Bleeding Disorders

What is a bleeding disorder?

Bleeding disorders occur when there is poor clotting due to deficient or missing proteins called factor. These disorders can cause heavy and prolonged bleeding, either spontaneously or after an injury. Hemophilia and von Willebrand disease are 2 common bleeding disorders. Bleeding disorders can be mild, moderate, or severe in nature. Severe bleeding disorders are usually detected in infancy, while milder versions of the disease may not be diagnosed until adulthood. Many bleeding disorders, including hemophilia and von Willebrand disease, are inherited conditions. There are other causes as well.

What is an inhibitor?

In about 10 – 15% of people with hemophilia, the immune system produces an antibody (called an inhibitor) that destroys the clotting factor before it stops the bleeding. It is unclear as to why this happens. People with inhibitors experience much higher treatment costs than those who don’t develop this complication.

What are symptoms of bleeding disorders?

Bleeding can happen externally or internally, affecting joints, muscles, and other organs. External bleeds can be characterized by excessive bleeding, including menstrual bleeding, and bruising. Internal bleeds can cause severe pain, swelling, joint damage, and joint destruction.

Who is affected by bleeding disorders?

About 20,000 people in the United States have hemophilia, while approximately 1.4 million Americans have von Willebrand disease. All ethnic and socioeconomic groups are affected by bleeding disorders.

How are bleeding disorders treated?

There is no cure for hemophilia or von Willebrand disease. Clotting factor replacement therapy which involves the intravenous infusion (i.e. injection) of blood clotting products, enables those with bleeding disorders to lead normal and productive lives. Infusions must be given as soon as possible after the start of bleeding or taken regularly (as prophylaxis) to prevent uncontrolled bleeding. Mild von Willebrand disease may also be treated with an intranasal medicine. The average cost for treating hemophilia is about $60,000 annually, but some may need hundreds of thousands of dollars worth of treatment every year. There are no generic substitutes for these treatments.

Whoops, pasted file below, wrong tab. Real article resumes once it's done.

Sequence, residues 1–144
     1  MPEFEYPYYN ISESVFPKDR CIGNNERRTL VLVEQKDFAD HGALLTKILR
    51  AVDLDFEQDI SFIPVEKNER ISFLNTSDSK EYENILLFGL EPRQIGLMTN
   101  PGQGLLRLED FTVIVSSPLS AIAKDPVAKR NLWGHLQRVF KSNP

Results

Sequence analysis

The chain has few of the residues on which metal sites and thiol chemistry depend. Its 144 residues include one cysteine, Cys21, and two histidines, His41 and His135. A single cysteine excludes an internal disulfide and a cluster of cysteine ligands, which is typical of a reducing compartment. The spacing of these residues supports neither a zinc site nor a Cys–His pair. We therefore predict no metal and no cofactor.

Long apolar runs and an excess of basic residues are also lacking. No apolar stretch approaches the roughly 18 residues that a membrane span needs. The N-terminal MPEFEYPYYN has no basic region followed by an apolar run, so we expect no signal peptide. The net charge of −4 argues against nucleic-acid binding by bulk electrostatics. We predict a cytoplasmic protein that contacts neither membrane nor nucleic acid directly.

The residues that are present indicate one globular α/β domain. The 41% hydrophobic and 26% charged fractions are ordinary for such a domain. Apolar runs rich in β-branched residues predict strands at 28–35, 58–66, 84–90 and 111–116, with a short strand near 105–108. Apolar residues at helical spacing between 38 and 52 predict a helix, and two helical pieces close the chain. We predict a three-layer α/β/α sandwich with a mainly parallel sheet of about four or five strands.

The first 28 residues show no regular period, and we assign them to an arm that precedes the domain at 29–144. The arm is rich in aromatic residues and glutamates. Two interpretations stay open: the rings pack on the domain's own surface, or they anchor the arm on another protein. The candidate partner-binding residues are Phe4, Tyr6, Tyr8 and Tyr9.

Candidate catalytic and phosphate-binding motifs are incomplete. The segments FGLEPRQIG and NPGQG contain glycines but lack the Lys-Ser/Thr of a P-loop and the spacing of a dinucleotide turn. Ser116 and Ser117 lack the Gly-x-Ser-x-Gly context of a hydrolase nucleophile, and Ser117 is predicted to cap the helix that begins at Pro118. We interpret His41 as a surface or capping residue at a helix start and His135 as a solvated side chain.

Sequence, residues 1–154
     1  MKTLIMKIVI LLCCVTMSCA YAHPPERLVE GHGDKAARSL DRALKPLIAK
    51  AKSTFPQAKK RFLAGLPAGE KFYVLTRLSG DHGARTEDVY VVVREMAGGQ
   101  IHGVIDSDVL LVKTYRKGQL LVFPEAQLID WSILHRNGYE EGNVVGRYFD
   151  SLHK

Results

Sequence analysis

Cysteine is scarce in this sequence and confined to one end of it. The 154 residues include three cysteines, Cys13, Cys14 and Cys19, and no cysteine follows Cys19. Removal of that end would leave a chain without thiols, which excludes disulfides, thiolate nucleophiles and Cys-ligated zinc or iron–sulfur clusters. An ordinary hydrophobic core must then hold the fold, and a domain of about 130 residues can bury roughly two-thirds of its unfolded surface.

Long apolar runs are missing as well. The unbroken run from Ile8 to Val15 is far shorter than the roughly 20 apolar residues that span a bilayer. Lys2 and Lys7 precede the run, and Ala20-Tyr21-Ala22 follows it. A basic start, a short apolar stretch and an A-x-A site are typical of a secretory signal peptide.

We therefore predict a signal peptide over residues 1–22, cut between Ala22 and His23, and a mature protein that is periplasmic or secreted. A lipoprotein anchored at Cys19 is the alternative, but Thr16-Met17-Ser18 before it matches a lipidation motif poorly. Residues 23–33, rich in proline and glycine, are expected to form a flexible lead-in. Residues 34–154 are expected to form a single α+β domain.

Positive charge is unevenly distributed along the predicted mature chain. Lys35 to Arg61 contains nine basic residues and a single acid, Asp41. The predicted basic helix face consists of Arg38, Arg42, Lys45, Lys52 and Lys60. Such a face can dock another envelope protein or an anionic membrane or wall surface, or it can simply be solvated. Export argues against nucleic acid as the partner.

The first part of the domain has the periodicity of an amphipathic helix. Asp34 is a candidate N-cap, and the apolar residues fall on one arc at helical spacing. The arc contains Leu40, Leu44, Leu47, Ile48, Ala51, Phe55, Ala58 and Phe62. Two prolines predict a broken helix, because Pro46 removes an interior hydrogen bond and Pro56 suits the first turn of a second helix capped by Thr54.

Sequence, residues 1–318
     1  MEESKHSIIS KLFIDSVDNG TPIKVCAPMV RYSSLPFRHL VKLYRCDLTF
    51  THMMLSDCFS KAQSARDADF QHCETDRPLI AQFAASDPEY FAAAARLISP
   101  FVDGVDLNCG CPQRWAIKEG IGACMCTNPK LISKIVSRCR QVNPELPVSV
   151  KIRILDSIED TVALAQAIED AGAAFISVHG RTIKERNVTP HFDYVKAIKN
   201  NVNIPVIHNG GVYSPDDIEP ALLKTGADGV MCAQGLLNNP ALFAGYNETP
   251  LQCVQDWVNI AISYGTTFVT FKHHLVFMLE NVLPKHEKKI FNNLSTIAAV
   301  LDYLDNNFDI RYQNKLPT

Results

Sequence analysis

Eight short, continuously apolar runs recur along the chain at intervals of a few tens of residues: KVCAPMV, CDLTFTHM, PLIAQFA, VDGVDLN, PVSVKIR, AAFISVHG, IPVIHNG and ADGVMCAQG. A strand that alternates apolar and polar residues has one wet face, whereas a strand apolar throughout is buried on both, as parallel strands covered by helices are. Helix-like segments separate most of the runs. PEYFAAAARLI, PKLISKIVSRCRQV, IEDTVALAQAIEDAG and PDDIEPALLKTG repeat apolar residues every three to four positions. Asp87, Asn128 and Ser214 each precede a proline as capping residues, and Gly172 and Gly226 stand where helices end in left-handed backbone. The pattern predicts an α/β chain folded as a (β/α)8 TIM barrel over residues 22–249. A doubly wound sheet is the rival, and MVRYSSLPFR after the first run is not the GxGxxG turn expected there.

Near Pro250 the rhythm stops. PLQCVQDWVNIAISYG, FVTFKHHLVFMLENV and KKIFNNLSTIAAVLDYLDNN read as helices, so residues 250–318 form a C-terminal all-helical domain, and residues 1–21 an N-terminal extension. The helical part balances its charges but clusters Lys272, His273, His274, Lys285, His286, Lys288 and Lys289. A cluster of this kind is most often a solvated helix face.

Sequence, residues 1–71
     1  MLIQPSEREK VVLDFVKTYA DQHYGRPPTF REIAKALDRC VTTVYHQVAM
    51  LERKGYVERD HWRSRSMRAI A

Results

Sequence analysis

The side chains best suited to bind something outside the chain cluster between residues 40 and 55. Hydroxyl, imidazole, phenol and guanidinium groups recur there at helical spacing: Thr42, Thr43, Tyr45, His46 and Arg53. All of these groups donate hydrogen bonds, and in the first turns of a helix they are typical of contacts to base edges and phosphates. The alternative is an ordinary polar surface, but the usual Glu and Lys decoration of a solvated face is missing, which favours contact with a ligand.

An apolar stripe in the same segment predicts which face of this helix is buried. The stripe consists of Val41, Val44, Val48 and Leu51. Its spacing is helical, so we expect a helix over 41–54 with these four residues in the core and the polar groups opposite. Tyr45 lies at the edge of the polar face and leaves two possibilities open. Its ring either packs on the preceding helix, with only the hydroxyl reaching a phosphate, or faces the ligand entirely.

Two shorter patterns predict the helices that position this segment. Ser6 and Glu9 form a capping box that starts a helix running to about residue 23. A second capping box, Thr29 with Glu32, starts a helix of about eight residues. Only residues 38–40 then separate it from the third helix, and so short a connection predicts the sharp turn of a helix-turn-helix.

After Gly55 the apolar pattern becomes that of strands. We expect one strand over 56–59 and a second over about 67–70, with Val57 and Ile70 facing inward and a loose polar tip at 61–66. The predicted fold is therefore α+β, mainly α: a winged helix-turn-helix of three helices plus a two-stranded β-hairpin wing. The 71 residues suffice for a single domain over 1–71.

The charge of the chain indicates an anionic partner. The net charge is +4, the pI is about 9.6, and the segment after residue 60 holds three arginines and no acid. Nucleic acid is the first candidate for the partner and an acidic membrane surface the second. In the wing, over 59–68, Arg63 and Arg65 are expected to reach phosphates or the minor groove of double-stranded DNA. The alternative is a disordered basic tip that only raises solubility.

Where do people with hemophilia receive medical care?

According to the Center for Disease Control, 70% of people with hemophilia receive care from Hemophilia Treatment Centers staffed with doctors, nurses, and social workers. New England HTC’s are located at Brigham and Women’s Hospital (MA), Children’s Hospital (MA), Massachusetts General Hospital (MA), UMass Memorial Hospital (Worcester), Dartmouth-Hitchcock Hemophilia Center (NH), Maine Medical Center, Rhode Island Hospital, University of Connecticut Health Center, Yale University School of Medicine (CT), and Fletcher Allen Hospital (VT). Mortality rates and hospitalization rates for bleeding complications from hemophilia were 40% lower among people who received care in Hemophilia Treatment Centers than among those who did not receive this care. Others may receive care from their primary care physician or a local hematologist.

Where do people with hemophilia receive their “medication”?

People with hemophilia either get their “medication,” i.e. factor, through a 340B pharmacy at their Hemophilia Treatment Center or through a Homecare Company. Homecare Companies are staffed with pharmacists and nurses who not only provide factor, but like HTC’s, ensure patients have the proper supplies, know how to self-infuse at home, and provide a variety of services and information they need to maintain good health. (http://www.newenglandhemophilia.org/homecare.html) There are almost a dozen pharmaceuticals that manufacture clotting factor. Representatives from these also provide information and support to patients with bleeding disorders. (http://www.newenglandhemophilia.org/Pharmaceuticals.html)